“There is a big problem with ulundu, which is a big part of the food required by the Tamil people. I promise that within a week we will somehow take a decision. The Finance Ministry had taken this decision. I will talk to them and the agriculture ministry and take a take a decision in a week.”

Sri Lanka’s food nationalism comes in a time of poverty and a rise in child malnutrition after the central bank printed money to cut rates and triggered a collapse of the rupee and sovereign default.

The main characteristics of nationalism is not only the lack of reason and logic but also the lack of compassion, critics say. (Colombo/Dec02/2023)

Leave a Comment

Your email address will not be published. Required fields are marked *

Leave a Comment

Leave a Comment

Cancel reply

Your email address will not be published. Required fields are marked *

Sri Lanka’s CEB reports Rs61bn profit for 2023 with Dec quarter gains

ECONOMYNEXT – Sri Lanka’s state-run Ceylon Electricity Bord has reported a profit of 61.2 billion rupees for the year to December 2023, turning around from a loss of 298 billion last year, with all the profits coming in the last year amid heavy rain and price hike, interim accounts show.

The CEB reported profits of 77.9 billion rupees for the December quarter, compared to a loss of 182 billion rupees last year.

About 94 billion rupees in losses were forex losses, coming from the central bank, which printed money to suppress rates and triggered a steep currency collapse in a failed float with a surrender rule.

CEB revenues rose 55 percent to 156 billion rupees in the December quarter, cost of sales fell 45 percent to 78 billion rupees amid heavy rains, giving a gross profit of 78.2 billion rupees for the quarter.

In the year to December, CEB revenues were 606.6 billion rupees, up 96 percent from 308 billion rupees, while cost of sales rose from 444 billion rupees to 506 billion rupees. Gross profits were 99.6 billion rupees.

At group level, which includes LTL Holdings, profits were 75 billion rupees for the year, with income taxes of 6.3 billion rupees, provided.

CEB consolidated profits were 68.4 billion rupees, with other shareholders of subsidiaries accounting for 7.2 billion rupees.

Equity was 498 billion rupees at company level by December 31, with 126 billion rupee capital contribution as well as profits earned in the last quarter. (Colombo/Mar05/2024)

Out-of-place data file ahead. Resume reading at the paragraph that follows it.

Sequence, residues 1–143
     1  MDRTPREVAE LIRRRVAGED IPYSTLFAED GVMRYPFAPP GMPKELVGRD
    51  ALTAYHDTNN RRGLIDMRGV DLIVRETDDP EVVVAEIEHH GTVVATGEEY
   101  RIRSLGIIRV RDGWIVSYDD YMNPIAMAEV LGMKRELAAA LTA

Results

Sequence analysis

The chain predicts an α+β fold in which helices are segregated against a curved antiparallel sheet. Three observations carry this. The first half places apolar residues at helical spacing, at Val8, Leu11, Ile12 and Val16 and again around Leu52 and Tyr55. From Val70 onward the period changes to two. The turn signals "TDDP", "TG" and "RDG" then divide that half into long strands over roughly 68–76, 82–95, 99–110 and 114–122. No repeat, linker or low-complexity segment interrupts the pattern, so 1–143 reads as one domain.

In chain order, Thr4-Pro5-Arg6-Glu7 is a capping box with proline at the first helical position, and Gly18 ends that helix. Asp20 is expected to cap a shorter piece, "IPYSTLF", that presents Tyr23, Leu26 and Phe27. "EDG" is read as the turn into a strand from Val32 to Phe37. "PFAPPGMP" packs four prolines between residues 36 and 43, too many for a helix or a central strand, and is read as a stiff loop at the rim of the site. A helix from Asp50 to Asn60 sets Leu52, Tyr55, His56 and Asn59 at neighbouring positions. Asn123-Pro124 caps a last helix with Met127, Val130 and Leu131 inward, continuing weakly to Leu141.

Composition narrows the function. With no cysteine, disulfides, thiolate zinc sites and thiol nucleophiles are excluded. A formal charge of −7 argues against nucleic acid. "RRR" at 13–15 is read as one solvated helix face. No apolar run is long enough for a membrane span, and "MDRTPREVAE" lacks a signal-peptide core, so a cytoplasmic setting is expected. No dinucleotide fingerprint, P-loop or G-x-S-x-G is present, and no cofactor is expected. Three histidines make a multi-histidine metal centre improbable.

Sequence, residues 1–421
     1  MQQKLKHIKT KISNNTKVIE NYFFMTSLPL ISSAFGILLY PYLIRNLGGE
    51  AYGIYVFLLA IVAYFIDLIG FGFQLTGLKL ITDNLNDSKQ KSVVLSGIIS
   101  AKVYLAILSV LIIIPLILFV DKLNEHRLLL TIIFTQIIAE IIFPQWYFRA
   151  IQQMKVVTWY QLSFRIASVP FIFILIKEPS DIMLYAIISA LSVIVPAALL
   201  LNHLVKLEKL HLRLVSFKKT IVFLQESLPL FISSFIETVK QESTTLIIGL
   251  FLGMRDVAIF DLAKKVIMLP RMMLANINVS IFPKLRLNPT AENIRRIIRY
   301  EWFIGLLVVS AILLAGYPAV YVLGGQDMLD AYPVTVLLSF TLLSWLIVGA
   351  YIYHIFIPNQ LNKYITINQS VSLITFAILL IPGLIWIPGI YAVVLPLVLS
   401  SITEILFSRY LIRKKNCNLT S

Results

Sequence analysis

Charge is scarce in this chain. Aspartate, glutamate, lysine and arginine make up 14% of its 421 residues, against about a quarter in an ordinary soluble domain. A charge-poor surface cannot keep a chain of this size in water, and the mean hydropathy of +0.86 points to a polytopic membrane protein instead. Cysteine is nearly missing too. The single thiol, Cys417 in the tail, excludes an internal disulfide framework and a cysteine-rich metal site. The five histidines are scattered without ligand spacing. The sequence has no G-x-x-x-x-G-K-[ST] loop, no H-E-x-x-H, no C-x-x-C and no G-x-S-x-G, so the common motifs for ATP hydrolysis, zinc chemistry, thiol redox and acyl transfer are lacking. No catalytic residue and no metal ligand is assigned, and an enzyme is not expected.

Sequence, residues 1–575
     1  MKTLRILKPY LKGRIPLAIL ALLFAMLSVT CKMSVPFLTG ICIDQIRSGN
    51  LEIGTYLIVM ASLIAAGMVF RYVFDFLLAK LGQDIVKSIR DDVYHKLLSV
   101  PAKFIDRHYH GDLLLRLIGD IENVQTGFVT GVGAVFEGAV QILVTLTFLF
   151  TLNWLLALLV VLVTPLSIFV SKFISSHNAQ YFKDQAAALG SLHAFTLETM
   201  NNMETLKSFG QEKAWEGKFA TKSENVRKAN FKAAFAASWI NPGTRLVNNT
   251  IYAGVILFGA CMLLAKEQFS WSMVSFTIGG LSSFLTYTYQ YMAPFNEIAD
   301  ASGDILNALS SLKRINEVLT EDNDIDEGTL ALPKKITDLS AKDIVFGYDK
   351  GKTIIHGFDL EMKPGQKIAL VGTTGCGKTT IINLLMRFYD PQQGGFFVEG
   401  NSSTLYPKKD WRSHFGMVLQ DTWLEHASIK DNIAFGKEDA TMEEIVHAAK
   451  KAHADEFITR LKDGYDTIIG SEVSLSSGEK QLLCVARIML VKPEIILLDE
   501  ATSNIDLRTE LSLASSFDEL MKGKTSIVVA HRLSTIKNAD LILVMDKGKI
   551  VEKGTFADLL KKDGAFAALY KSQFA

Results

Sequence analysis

Continue Reading

Sri Lanka rupee opens at 308.20/50 to the US dollar

Sri Lanka stocks reversed its falling trend and gained for the first time in six sessions on Tuesday closed stronger on Tuesday (21).

ECONOMYNEXT – Sri Lanka’s rupee opened at 308.20/50 to the US dollar Monday, from 308.80/90 on Friday, dealers said.

Bond yields were broadly steady.

A bond maturing on 01.08.2026 was quoted stable at 10.90/11.00 percent.

A bond maturing on 15.09.2027 was quoted at 11.90/12.00 percent from 11.90/12.05 percent.

A bond maturing on 01.07.2028 was quoted at 12.20/30 percent from 12.15/35 percent.

The Colombo Stock Exchange opened up; The All Share was up 0.60 percent at 10,755, and the S&P SL20 was up 1.24 percent at 3,077. (Colombo/Mar4/2024)

Continue Reading

Sri Lanka central bank swaps top $3.2bn by December

ECONOMYNEXT – Sri Lanka’s central bank borrowed US dollars from various counterparties through swap transactions, which had topped 3.2 billion US dollars by December 2024, official data show.

The net short position, including swaps disclosed by the central bank, grew by over almost 1.28 billion US dollars from December 2022 to 3,280 million dollars.

The gross position grew from 2,263 million dollars to 3,280 million US dollars over the year.

The central bank supported some state banks with dollars to cover their dollar exposures, which had since been paid back.

By December reported gross reserves of the central bank was 4,491 million US dollars, against swaps of 3,280 billion US dollars.

Swaps of around 1500 related to the People Bank of China.

Swaps allow a central bank to increase gross reserves, without raising domestic interest rates.

Swaps with domestic counterparties lead to liquidity being injected into money markets, which can be mopped if domestic credit growth is moderate.

At the moment many private banks have large dollar positions invested outside the country, which cannot be used for transactions domestically because of a money monopoly given to macro-economists. (Sri Lanka repays debt or collects reserves of U$5bn via banking system since rate correction)

However unwinding swaps after private credit has picked, or engaging in swaps after private credit has picked up, may lead to money being injected to maintain the policy rate, leading to excess credit by banks and balance of payments deficits and or currency collapses, analysts say.

Central bank swaps in the third quarter of 2018 led to a collapse of the currency under the ‘exchange rate as the first line of defence’ policy peddled to Sri Lanka, critics have said earlier.

Domestic currency proceeds of swaps were the primary ammunition to bust East Asian currencies in 1997-98.

Any depreciation after the swap proceeds have been used for imports (effectively mis-targeting rates) a central bank will run a forex loss.

The PBOC however had put a rule, preventing the use of the swap after gross reserves fell below 3 – months of imports, preventing Sri Lanka from getting into further trouble through the use of official reserves for private imports.

Sri Lanka’s central bank also used borrowings from the Reserve Bank of India, via the Asian Clearing Union to run BOP deficits.

Losses from exposed dollar positions of central banks which have gained ‘independence’ from fiscal rules and parliaments and engaged in macro-economic policy, including the Fed, have led to taxpayers bearing the losses in the end.

Swaps were invented by the Fed in the early 1960s, as it deployed macro-economic policy (printed money for growth) threatening its gold reserves and the Bretton Woods system.

Sri Lanka has other borrowings also, including from the IMF, which has made net foreign assets of the central bank negative. (Colombo/Mar05/2024)

Continue Reading